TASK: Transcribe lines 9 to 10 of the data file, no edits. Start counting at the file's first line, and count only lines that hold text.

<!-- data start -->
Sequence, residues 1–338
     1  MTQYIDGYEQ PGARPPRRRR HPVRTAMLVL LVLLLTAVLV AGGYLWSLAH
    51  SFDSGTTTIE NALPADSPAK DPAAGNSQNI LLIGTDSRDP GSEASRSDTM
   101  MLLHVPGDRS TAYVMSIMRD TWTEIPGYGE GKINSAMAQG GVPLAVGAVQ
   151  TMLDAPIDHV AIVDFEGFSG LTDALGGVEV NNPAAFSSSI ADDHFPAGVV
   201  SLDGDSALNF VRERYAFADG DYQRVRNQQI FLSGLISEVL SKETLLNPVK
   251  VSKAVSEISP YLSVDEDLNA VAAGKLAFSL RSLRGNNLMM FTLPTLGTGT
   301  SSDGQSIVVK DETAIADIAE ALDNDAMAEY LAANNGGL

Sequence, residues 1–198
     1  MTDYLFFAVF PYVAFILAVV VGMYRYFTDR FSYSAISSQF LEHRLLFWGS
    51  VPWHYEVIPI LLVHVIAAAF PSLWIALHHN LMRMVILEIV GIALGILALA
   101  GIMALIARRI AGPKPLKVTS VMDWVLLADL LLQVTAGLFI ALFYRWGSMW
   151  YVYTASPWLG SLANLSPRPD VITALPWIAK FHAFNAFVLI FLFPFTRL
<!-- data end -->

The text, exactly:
Sequence, residues 1–198
     1  MTDYLFFAVF PYVAFILAVV VGMYRYFTDR FSYSAISSQF LEHRLLFWGS